Saturday, September 21, 2013

The Post-Authoritarian Pope

If you listen to the news, you have surely wondered just why Pope Francis insists on picking fights with the traditionalist wing of his church.  Don't judge the gays!  Give women a voice!  Skip the ermine cape!  It is a miracle, one mutters half in jest, that the guy has not yet gone the way of John Paul I.

Quite a bit of what is being reported this week now has its origin in a single source, an interview in the Jesuit magazine America, conducted by Fr. Antonio Spadaro, S.J.  The interview is long, but well worth reading in its entirety.  The image of the Pope that emerges is better balanced, although not much less charming, than the caricature in the headlines.

As you might expect from one Jesuit talking to another, there is a lot of inside baseball.  One of the Pope's great heroes is a guy named Peter Faber, a companion of Loyola; he makes many offhand references to the Jesuit Constitution, the Institutes, and things like that.  These are the ordinary background of life in a particular order, like Lutherans talking about Samuel Simon Schmucker or the Smalcald Articles.  To outsiders, of course, it means a lot of googling.

But there are parts of the interview which have not yet attracted much attention, but ought to.  In particular, Francis talks about his own leadership style, and how it has changed through the years.

He became a Jesuit provincial at the remarkably young age of 36,   Here is how he describes himself in those days:

That was crazy. I had to deal with difficult situations, and I made my decisions abruptly and by myself.  ...
My authoritarian and quick manner of making decisions led me to have serious problems and to be accused of being ultraconservative. I lived a time of great interior crisis when I was in Cordova. To be sure, I have never been like Blessed Imelda [a goody-goody], but I have never been a right-winger. It was my authoritarian way of making decisions that created problems.

This is quite a contrast to the Pope we have seen recently, with his emphasis upon episcopal collegiality and the authority of regional bishops' conferences.  Nor, these days, is anybody accusing Francis of ultraconservatism.  (And that's an understatement).  The implication is that he has learned from his mistakes, and in fact been transformed by what he has learned.  This is an impressive quality, if genuine.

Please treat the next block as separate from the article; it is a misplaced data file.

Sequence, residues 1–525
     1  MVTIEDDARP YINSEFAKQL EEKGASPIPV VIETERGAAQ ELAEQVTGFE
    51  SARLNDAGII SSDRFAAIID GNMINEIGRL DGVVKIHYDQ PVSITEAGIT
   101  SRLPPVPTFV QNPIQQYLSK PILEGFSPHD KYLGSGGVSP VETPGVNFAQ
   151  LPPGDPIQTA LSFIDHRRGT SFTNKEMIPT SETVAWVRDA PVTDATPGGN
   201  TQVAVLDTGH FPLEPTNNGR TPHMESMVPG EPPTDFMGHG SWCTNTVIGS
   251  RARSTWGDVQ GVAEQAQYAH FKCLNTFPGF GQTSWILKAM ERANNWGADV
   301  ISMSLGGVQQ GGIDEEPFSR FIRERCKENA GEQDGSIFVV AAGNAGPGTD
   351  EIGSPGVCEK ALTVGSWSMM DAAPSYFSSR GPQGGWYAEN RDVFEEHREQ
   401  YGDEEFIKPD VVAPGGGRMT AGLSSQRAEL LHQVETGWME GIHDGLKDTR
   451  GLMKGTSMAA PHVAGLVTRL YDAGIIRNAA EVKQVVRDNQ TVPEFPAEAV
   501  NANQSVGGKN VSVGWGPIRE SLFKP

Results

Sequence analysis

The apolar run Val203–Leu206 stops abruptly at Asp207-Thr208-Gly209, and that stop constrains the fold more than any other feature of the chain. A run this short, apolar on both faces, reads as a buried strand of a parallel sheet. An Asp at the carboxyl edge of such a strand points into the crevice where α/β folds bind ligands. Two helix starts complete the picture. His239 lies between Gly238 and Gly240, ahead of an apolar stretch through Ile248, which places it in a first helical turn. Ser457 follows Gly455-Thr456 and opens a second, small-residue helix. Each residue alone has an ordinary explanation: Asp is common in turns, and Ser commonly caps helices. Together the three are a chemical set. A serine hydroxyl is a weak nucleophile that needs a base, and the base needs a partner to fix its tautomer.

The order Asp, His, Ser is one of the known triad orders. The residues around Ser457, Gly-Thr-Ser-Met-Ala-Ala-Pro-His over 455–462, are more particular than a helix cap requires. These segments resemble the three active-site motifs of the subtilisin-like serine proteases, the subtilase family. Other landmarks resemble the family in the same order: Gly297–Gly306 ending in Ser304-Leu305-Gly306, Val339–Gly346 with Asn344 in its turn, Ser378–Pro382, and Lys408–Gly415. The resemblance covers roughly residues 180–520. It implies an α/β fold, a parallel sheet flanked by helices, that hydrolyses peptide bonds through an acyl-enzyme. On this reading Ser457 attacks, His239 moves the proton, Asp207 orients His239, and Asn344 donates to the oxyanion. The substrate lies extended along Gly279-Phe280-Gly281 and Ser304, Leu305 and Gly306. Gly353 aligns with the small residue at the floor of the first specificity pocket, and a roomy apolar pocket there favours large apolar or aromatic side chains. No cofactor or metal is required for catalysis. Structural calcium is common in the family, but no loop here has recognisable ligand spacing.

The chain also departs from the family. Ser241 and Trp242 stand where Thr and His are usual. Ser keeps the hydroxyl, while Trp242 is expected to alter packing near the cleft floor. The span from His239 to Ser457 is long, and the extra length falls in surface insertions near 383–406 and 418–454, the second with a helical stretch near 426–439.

One image from the interview that has already attracted a lot of attention sis "the Church as a field hospital."  It is a brilliant and compelling picture, which deserves to be considered in context:

“I see clearly,” the pope continues, “that the thing the church needs most today is the ability to heal wounds and to warm the hearts of the faithful; it needs nearness, proximity. I see the church as a field hospital after battle. It is useless to ask a seriously injured person if he has high cholesterol and about the level of his blood sugars! You have to heal his wounds. Then we can talk about everything else. Heal the wounds, heal the wounds.... And you have to start from the ground up."

It is immediately after this, though -- and in this context -- that he says something rather complicated, but worth hearing.  First comes the part that we love to hear:
“The church sometimes has locked itself up in small things, in small-minded rules. The most important thing is the first proclamation: Jesus Christ has saved you. And the ministers of the church must be ministers of mercy above all." 
Then the part that we don't, really, but which he needs to say:
"The confessor, for example, is always in danger of being either too much of a rigorist or too lax. Neither is merciful, because neither of them really takes responsibility for the person. The rigorist washes his hands so that he leaves it to the commandment. The loose minister washes his hands by simply saying, ‘This is not a sin’ or something like that. In pastoral ministry we must accompany people, and we must heal their wounds."
This last remark helps to explain his recent defense of the Church's teaching on abortion, which has no doubt disappointed some of his most starry-eyed admirers on the left.  (Those, that is, who somehow imagine that the Pope is not Catholic).  Neither rigorism nor laxity, according to Francis, is a genuine proclamation of the Gospel.

Anyway, it's a great read, and we recomend it highly.

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